Plaintiff Anthony Missere owns two adjoining properties in the Village of Cornwall-on-Hudson, on one of which he operates the Riverbank Restaurant. He initiated plans to expand his restaurant by filing an application with the village zoning board. Defendant Yannone owns another property that physically adjoins Missere’s property. While Missere’s applications were pending, Yannone allegedly lobbied against the plans and Mayor Gross allegedly signed and certified an official zoning map erroneously indicating that the property was not located in a CBS zone. The Code Enforcement Officer produced an opinion letter finding that the property was located within a CBS zone and Yannone filed an appeal sixty days later. Missere alleged it was untimely, but the board heard it anyway and overturned the Code of Enforcement Officer’s decision. Missere challenged this decision in the Supreme Court, but his claim was unsuccessful since Board’s decision was within its discretion and not arbitrary or capricious.
Missere attempted to file a variance application, but the board dismissed it claiming that they could only hear appeals of determinations of other administrative officers. In the mean time a new Code Enforcement Officer granted Yannone several Certificates of Occupancy, despite Missere claiming that they were improper since they were based on expired permits. In addition, Missere claims that a six-foot-high fence Yannone built on the property line violated a number of ordinances, but the village made no effort to rectify the situation. Missere claims that he was deprived of property without due process, his equal protection is violated due to selective enforcement and that Mayor Gross violated his rights under the 14th Amendment.
Regarding Missere’s due process claims that he was deprived of his right to expand his restaurant, the court finds that his claim is not ripe. The Village did not render its final decision on his application for a use variance that could allow him to operate a restaurant. Although Missere relies on the futility exception which allows a property owner to be excused from obtaining final decision when a zoning agency has made it clear that all such applications will be denied, the court finds it inapplicable. Here the Board failed to act over a two year period, but the court explained that a mere delay in acting on a variance application does not constitute what was intended by the futility exception. Furthermore, Missere’s property interest claim would fail on the merits. His allegations of having a constitutionally protected property interest are incorrect, since he had no “entitlement” to a variance. It is well established that under NY law, local zoning boards have broad discretion and have the option to elect not to issue a variance.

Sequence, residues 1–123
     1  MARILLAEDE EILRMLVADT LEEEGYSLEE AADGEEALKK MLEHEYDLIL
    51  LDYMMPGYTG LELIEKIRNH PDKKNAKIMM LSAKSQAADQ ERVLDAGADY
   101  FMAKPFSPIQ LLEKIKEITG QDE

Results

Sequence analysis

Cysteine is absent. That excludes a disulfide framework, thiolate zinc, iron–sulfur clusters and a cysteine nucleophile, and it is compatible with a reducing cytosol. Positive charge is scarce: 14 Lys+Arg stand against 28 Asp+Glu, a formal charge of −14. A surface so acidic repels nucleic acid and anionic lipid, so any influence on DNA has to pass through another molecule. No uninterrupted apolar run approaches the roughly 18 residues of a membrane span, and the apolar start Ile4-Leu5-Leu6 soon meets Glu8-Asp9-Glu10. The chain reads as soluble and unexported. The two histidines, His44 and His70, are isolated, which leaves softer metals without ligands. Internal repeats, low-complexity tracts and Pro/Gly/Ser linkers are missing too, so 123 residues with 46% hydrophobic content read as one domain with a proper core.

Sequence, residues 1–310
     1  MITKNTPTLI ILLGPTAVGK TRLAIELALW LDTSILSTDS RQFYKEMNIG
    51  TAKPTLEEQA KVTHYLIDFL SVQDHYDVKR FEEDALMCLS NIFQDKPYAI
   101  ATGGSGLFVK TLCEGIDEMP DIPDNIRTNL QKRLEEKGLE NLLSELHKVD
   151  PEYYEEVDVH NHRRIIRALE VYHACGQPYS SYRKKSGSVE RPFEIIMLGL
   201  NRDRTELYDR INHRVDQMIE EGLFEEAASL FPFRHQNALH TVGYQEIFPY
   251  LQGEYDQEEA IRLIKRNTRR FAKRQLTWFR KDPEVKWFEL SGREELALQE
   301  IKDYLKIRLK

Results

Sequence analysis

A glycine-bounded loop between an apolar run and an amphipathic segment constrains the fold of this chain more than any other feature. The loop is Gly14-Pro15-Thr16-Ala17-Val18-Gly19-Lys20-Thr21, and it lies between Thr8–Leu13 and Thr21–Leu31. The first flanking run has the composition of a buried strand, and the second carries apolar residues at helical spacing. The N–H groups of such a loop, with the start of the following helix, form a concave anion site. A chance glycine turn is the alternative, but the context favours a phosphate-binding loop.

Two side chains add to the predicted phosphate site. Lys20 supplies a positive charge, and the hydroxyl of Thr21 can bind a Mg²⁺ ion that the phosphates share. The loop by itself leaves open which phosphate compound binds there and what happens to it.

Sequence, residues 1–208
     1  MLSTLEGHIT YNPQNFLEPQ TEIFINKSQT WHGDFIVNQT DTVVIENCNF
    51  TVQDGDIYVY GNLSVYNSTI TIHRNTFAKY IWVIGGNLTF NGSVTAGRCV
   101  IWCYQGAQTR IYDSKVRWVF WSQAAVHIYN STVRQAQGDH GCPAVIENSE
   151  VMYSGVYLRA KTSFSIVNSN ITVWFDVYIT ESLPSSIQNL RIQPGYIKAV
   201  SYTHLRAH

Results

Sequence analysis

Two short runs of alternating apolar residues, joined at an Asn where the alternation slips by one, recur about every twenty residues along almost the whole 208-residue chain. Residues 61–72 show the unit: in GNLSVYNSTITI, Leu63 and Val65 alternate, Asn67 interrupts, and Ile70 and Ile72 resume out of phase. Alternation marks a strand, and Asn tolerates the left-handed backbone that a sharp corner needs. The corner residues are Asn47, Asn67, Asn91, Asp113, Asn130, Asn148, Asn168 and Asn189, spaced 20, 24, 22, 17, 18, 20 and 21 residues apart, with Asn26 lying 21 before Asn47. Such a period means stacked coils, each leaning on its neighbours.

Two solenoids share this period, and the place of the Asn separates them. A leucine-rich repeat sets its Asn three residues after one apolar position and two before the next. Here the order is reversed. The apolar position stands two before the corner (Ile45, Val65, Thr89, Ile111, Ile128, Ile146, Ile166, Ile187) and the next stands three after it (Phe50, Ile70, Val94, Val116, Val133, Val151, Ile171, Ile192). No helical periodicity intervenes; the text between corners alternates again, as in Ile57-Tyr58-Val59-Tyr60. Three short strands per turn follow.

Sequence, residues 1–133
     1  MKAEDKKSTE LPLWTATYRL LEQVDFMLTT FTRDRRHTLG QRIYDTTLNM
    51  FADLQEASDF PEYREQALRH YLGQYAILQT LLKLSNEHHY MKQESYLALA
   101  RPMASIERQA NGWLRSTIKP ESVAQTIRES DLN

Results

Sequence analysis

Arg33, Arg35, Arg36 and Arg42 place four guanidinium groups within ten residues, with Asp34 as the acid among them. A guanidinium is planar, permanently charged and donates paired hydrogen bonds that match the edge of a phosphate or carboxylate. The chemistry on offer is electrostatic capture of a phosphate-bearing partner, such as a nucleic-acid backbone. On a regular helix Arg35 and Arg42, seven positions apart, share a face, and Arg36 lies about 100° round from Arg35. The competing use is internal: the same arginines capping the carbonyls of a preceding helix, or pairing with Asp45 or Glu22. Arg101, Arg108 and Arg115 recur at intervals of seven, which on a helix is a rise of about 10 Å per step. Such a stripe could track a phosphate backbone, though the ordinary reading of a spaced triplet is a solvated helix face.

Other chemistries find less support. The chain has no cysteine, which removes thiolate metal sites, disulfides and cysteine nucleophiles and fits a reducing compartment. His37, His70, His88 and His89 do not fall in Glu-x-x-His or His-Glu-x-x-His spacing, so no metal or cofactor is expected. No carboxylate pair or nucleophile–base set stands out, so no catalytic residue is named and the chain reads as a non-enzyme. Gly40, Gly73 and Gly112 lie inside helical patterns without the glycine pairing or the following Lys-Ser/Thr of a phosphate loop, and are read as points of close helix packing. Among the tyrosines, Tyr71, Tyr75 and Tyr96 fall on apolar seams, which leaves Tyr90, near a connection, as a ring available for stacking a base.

Under the Equal Protection Clause of the 14th Amendment, the government is required to treat similarly situated persons alike. Since the plaintiff is not a member of a constitutionally protected class he can assert one of two theories: selective enforcement or class of one. Even if it is assumed all of the facts alleged by Missere are in fact true, none support either theory of an Equal Protection claim since they were inadequately pled or insufficient as a matter of law. First, the property in question was not similarly situated as compared to those that received permits since there was considerable question as to whether the land was located in the CBS zone, where the others were not. Second, Missere claims that he was made to clear a substantial hurdle to have outdoor dining while Yannone was excused. However, due to the lack of facts in the complaint there can be no reasonable assumption that the two situations are substantially similar. Finally, the remainder of allegations are not accompanied by evidence indicating that Missere and Yannone were similarly situated, and therefore any equal protection claim is invalid.
Also, any claims against Yannone’s establishments are not actionable since Missere did not allege that any conduct was engaged in that is actionable under statute 1983. Under this statute, the defendant is required to have acted under color of law. This occurs when an entity acts in accordance with coerce state powers, when state provides significant encouragement or when the entity has been delegated a public function by the state. Mere lobbying and receiving what was assumed to be favorable treatment do not amount to the joint action necessary to find the defendants liable. Therefore, the defendant’s motions to dismiss are granted in their entirety.
Missere v. Gross, 826 F. Supp. 2d 542 (S.D.N.Y 3/31/2011)